22 - 26 September 2013
ICC London ExCeL, UK

Plenary speakers


Watch the live webcast of the plenary speakers presentations.


09:30 - Welcome

Professor Sir David Payne, University of Southampton, UK

Professor Will Stewart, University of Southampton, UK.


09:45 - Fibre Broadband: beginning or end of the journey?
Dr Tim Whitley, Managing Director, Research and Innovation, BT, UK

As MD for Research & Innovation, Tim is accountable for BT’s Global research activities


Tim is also MD for Adastral Park, BT’s Global Engineering HQ.


Prior to his current role Tim was BT’s Group Strategy Director, accountable for guiding BT’s major strategic and investment choices.  He has been at the heart of BT’s exciting Next Generation Access plans which will see the next generation of broadband – Fibre Broadband – deployed across the UK since their inception in 2008.


Tim joined BT in 1981 as an apprentice engineer and during his 32 year career has held many positions ranging from advanced optical-fibre device and network research, technology consultancy and architecture to Director of techno-economics analysis and Group technology Officer.  He has published over 50 papers in the field of optical communications, holds a BSc in Physics and a PhD in Electronic Systems Engineering.  Tim is based at BT’s Global Engineering and Research HQ, Adastral Park, Ipswich, Suffolk.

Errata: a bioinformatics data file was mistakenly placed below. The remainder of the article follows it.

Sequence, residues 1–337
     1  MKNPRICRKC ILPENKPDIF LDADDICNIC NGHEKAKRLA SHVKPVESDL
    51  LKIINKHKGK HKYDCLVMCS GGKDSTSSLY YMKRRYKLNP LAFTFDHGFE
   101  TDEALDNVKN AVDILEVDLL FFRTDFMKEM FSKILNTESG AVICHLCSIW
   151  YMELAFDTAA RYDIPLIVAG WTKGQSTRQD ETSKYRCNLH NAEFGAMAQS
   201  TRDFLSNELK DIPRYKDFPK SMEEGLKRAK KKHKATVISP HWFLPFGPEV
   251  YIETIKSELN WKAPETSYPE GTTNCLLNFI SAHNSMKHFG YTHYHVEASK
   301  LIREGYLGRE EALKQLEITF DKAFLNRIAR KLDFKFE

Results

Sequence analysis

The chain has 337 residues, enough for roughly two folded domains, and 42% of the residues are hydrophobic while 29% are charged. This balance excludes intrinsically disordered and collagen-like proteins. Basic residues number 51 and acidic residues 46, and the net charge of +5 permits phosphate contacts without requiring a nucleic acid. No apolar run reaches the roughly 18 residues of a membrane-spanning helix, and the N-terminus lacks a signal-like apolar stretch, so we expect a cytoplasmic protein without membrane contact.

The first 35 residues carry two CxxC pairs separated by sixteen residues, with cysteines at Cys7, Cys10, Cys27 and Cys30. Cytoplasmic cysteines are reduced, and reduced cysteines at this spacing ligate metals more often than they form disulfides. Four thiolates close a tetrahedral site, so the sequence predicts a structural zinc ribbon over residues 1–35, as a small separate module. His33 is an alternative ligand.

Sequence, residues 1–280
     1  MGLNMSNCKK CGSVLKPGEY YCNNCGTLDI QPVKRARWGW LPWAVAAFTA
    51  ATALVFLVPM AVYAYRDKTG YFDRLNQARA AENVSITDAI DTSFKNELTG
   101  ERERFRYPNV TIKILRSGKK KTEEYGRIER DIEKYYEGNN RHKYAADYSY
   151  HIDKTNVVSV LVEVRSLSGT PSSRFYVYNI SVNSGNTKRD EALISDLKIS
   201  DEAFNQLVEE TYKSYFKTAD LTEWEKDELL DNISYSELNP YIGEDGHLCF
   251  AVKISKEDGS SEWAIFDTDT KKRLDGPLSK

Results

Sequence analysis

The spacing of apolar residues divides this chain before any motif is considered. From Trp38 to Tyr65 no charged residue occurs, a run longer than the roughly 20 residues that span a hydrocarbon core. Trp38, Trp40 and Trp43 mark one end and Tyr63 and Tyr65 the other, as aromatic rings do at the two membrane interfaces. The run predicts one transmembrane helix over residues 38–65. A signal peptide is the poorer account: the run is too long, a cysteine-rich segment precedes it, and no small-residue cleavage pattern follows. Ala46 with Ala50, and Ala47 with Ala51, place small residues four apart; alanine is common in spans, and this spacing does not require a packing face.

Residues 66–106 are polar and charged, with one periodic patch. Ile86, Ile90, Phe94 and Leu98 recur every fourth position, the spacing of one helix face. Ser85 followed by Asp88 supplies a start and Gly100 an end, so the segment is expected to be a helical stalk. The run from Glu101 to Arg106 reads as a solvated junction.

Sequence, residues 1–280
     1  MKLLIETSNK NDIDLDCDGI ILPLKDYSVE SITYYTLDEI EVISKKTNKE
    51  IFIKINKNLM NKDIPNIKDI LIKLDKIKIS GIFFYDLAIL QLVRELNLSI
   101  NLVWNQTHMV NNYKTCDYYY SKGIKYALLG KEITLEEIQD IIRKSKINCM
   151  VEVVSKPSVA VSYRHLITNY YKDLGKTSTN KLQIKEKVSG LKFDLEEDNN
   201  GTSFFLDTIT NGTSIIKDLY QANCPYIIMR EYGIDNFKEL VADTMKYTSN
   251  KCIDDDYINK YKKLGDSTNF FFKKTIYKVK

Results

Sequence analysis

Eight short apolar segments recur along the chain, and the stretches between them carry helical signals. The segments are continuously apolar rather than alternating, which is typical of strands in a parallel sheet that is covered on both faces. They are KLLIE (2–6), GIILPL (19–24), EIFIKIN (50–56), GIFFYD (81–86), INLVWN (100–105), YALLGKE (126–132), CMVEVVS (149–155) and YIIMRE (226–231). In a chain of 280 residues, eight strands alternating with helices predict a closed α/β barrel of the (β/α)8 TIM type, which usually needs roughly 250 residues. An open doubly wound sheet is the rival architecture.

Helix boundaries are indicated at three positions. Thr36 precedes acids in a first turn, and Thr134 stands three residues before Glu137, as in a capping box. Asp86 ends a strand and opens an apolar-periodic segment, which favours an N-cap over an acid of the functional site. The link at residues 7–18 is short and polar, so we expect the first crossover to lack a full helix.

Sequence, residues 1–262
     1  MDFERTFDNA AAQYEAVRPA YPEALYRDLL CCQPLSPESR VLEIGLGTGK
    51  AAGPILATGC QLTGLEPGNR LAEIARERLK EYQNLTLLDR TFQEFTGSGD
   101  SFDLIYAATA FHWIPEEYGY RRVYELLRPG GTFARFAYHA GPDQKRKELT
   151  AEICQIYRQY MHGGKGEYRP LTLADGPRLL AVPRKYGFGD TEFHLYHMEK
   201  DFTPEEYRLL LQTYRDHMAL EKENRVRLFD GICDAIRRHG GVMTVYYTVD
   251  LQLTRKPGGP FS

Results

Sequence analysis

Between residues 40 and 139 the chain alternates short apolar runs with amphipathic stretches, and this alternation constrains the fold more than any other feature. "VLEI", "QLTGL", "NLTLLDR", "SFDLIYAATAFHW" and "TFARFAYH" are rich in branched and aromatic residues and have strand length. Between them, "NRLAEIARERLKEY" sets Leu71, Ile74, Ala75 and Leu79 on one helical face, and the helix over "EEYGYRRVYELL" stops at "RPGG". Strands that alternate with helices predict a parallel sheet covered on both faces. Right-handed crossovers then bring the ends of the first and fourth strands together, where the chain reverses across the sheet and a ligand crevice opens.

Tim lives in Felixstowe, England with his wife Teresa and four daughters.



Demand for bandwidth rises inexorably, fuelled by over 30 years of innovation and development in communications.


This presentation will reprise BT’s latest fibre deployment plans and will describe how optical technology, applied to both core and more recently access networks, has played a huge role in delivering a society that enjoys widely available broadband communications and the host of communications, entertainment and transactional services we increasingly rely on for our daily lives.


Looking a little further forward as technologists, we can see how exciting concepts such as flexgrid, virtualisation, SDN, and WDM PON will enable the next wave of applications. And as future customers or policy makers, we can envision how fibre communications powered concepts such as eHealth, BigData and Machine to Machine will further revolutionise the very society in which we live.


This presentation will describe how we got to this point and provide a few pointers as to where next.

10:05 - The Controversial Challenges for Today’s Research Towards next Generation Optical Networks
Dr Peter Stassar, Technical Director Optical Research, Huawei Technologies, The Netherlands